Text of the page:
Official: Mexico arrests leader of Zetas drug cartel
Mexico City — Mexican police and soldiers on Wednesday captured Omar Trevino Morales, widely considered to be the most important leader of the Zetas drug cartel that once carved a path of brutal bloodshed along the country’s northern border with the U.S., a federal official said.
The official, who was not authorized to be quoted by name because of government policy, said the man known as “Z-42” was arrested in a pre-dawn raid in San Pedro Garza Garcia, a wealthy suburb of the northern city of Monterrey.
The Mexican government had offered a 30-million peso ($2 million) reward for his capture on weapons and organized crime charges.
The U.S. Drug Enforcement Administration had offered a $5 million reward for his capture, saying he was wanted on drug-trafficking charges, but listed “Omar” as an alias and his given name as Alejandro. DEA spokesman Rusty Payne confirmed they are the same person, and said “we certainly are excited and congratulate Mexico for another great arrest.”
The suspect is the brother of Miguel Angel Trevino Morales, described as the most bloodthirsty leader of Mexico’s most violent cartel.
Miguel Angel was arrested in July 2013, almost a year after marines killed the Zetas’ other biggest leader, Heriberto Lazcano “El Lazca.”
Omar apparently took over leadership of the Zetas — a gang originally formed by deserters from an elite army unit — after his brother’s arrest in 2013.
The Zetas left a trail of brutality, bloodshed and mutilated bodies across northern Mexico during their turf battles with the rival Gulf cartel. But much of the violence along Mexico’s northeast border now is due to internal battles among Gulf cartel factions.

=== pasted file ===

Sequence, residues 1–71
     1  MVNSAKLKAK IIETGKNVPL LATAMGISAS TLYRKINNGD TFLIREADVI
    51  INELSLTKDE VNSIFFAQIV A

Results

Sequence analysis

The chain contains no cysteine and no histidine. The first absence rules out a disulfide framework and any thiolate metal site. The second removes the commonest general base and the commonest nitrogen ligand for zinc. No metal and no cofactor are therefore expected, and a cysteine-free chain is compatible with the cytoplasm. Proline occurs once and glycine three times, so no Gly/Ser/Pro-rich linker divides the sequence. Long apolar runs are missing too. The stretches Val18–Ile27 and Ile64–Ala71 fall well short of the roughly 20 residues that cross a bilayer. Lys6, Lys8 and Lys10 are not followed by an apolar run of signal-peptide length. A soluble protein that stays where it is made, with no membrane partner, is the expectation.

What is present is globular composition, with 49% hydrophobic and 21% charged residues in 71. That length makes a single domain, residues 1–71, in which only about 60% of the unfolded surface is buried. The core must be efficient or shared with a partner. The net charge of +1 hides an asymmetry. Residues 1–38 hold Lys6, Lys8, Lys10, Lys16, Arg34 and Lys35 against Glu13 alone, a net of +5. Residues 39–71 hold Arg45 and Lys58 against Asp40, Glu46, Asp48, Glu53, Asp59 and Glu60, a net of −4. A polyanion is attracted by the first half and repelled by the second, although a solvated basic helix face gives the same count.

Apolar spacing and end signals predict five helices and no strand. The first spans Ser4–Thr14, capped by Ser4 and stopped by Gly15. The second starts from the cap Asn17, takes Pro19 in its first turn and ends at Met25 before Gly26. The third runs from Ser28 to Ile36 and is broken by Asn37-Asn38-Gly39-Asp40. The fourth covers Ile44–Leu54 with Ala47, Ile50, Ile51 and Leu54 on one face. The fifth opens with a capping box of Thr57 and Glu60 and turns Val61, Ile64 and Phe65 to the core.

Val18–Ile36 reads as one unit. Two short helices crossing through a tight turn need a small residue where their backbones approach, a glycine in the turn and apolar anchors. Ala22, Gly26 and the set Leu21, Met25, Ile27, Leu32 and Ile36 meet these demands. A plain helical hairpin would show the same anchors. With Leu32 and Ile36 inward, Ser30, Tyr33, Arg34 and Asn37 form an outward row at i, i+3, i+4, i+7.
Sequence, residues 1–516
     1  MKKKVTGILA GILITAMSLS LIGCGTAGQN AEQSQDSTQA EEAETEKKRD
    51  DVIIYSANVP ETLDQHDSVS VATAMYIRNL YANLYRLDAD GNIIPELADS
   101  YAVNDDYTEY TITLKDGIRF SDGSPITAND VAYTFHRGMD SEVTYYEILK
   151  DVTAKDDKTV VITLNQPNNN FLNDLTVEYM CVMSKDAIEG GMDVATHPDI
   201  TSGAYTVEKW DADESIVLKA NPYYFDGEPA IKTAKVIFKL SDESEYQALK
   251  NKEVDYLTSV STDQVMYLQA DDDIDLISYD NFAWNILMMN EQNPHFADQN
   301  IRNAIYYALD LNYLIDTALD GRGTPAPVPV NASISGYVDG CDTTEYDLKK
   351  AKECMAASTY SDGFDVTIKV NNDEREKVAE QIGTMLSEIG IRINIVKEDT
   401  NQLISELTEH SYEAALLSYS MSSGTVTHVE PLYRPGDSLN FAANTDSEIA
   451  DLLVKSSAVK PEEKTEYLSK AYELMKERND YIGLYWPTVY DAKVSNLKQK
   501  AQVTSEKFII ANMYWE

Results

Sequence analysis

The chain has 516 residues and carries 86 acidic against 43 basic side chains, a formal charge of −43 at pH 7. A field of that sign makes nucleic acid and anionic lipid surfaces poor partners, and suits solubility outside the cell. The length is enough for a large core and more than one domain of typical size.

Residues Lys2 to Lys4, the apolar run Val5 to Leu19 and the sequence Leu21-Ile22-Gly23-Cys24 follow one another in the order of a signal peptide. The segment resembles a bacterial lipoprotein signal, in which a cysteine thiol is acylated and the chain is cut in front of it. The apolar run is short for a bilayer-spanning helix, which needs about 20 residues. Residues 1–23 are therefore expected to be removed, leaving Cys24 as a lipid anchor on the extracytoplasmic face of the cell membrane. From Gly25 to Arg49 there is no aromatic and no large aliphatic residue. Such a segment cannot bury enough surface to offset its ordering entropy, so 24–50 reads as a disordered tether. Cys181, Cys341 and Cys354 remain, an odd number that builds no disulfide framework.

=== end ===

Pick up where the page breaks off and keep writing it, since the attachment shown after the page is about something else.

The capture of Omar Trevino Morales follows Friday’s arrest of another big cartel leader, Servando Gomez, known as “La Tuta.” Gomez allegedly led the Knights Templar, a pseudo-religious drug gang that built up control of many sectors of the economy in the western state of Michoacan.
The two arrests provided much-needed good news for the administration of Enrique Pena Nieto, battered by a series of scandals in recent months.
“The government needed to show that some of its policies were successful,” said Raul Benitez, a security expert at Mexico’s National Autonomous University. “And in this case, without doubt the strategy against the drug cartels is going well.”
Like Servando Gomez, Omar Trevino Morales was captured without any shots being fired.
The Trevino Morales brothers took proceeds from their U.S. drug sales and laundered them by purchasing American quarter horses. That scheme was led by Jose Trevino Morales, a third brother. A jury in Texas found Morales guilty in May of investing $16 million of drug money in the buying, training and racing of horses across the Southwest United States.